Ashley Ross from the University of Cincinnati will give a webinar entitled "Development of tools to measure neuroimmune communication" in Zoom from 4 to 5 pm Friday December 4th. The talk is free and open to the public.
Ross is an assistant professor of chemistry at the University of Cincinnati and a professor in the UC Graduate Program in Neuroscience. He obtained his Ph.D. in 2014 from the University of Virginia under the direction of Dr. Jill Venton. She completed her postdoctoral training in Rebecca Pompano's lab at the University of Virginia, where she was a fellow of the American Immunology Careers Association in Immunology from 2016 to 2017. She began her independent career at UC in 2017.
His research interests are diverse, including fundamental research on the electrode-analyte interface, the development of new electrochemical methods to probe neurochemicals in the brain and immune system, and the development of microfluidic and microengineering platforms to probe neurochemically regulated signaling between systems. and immune system. His work has been featured in Analyst Emerging Investigator Series ChemComm Emerging Investigator Issue and Female Role Models in Analytical Chemistry Issue in Analytical Bioanalytical5 . He is a member of the Advisory Board of the Functional Panel of ACS Analytical Chemistry and is on the Board of Directors of the Electroanalytical Chemistry Society. In her spare time, she likes to go out with her children, paint and sing.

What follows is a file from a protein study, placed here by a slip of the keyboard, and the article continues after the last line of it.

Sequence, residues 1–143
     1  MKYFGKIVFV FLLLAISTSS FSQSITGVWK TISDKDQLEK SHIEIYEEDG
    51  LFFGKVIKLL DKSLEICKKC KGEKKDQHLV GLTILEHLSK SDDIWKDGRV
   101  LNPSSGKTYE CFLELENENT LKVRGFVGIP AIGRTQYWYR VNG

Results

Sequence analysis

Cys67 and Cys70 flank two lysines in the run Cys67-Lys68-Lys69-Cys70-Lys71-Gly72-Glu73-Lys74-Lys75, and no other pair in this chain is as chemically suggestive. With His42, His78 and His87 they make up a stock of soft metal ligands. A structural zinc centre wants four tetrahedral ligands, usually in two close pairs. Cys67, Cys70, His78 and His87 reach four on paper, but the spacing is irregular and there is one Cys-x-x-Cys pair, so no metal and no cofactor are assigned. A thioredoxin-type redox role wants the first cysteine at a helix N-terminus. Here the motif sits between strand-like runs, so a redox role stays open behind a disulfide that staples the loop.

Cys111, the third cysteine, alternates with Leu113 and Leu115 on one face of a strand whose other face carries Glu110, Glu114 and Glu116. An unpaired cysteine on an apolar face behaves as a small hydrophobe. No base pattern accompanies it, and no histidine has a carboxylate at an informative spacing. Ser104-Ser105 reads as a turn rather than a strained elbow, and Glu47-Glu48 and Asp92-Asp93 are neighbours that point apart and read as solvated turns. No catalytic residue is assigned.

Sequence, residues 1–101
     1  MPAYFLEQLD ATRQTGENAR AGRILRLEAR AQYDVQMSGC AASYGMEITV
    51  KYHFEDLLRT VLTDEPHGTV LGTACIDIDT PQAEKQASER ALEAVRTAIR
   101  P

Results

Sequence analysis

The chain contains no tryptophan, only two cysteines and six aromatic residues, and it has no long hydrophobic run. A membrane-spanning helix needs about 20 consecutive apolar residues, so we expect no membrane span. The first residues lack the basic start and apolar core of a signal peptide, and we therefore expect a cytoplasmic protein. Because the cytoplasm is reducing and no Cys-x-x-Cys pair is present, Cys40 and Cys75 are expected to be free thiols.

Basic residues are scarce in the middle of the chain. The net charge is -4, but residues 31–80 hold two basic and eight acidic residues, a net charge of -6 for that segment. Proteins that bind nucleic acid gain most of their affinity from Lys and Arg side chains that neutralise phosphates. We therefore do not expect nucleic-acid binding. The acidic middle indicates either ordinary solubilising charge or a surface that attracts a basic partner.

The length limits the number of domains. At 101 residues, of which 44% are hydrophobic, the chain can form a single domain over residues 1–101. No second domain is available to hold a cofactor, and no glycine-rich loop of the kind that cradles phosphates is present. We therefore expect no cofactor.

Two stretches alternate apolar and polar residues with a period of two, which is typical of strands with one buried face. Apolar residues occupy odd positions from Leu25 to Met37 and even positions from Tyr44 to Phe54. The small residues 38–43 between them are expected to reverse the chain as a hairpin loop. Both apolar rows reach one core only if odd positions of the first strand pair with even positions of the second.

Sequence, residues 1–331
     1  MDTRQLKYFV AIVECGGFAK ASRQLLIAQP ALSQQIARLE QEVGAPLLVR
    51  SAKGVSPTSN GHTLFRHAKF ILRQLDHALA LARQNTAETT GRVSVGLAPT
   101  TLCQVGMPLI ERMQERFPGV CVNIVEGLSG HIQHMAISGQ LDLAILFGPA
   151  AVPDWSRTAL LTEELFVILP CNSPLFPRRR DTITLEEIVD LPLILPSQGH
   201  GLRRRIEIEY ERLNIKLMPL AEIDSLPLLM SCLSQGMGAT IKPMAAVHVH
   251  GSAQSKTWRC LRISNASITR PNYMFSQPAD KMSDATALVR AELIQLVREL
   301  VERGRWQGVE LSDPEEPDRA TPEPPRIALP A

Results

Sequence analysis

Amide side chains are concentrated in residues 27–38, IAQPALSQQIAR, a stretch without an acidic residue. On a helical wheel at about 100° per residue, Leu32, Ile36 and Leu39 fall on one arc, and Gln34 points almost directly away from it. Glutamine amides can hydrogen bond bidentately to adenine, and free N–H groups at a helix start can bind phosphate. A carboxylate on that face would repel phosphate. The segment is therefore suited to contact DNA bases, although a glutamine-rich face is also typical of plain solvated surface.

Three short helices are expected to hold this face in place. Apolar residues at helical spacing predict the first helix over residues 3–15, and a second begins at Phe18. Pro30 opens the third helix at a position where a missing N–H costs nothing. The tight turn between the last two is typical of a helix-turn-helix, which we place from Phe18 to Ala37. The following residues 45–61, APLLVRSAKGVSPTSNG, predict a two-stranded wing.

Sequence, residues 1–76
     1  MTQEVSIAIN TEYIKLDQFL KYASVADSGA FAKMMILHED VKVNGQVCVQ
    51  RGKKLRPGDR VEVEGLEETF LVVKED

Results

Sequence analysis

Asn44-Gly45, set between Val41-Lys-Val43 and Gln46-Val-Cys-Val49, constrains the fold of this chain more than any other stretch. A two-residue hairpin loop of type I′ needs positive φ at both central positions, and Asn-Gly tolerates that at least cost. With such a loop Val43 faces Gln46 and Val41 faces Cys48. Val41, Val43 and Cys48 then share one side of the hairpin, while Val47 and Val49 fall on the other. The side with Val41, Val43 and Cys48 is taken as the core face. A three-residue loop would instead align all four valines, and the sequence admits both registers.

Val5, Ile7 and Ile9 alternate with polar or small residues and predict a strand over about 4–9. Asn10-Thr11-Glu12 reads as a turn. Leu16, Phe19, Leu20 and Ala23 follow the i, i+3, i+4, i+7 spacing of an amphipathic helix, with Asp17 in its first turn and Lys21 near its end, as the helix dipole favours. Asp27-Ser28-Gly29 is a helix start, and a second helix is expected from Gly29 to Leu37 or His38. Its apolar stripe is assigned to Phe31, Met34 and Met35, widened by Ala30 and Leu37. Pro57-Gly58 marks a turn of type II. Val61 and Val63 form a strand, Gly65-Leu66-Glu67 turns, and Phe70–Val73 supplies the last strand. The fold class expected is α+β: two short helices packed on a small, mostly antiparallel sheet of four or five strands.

Communication between the nervous system and the immune system is vital to maintaining health, but it is still difficult to prove with precise temporal and spatial resolution. Ross's lab uses a combination of electrochemical and microfabrication techniques to bridge current gaps in the field. Specifically, they have developed new electrochemical methods and electrode materials for fast scanning cyclic voltammetry (FSCV) that have allowed them to expand these tools to new analytes involved in neuroimmune communication and other analytes not previously studied with real-time electrochemical techniques.
FSCV is a classic electroanalytical technique that is most often used in the brain to study neurotransmitter signaling on a 100 ms time scale; however, Ross's laboratory has expanded its usefulness to study neurochemical events in immune organs such as the lymph node. Furthermore, the combination of FSCV with microengineering platforms has provided an experimental platform to probe neurotransmitter signaling in multiple organs simultaneously ex vivo during communication. This talk will highlight some of the recent work by the Ross laboratory in this area on the development of methods and the application of these methods to study new biology.
To attend the seminar, visit the Zoom link.
Meeting ID: 873 4638 0922
Access code: 8x and W7k) B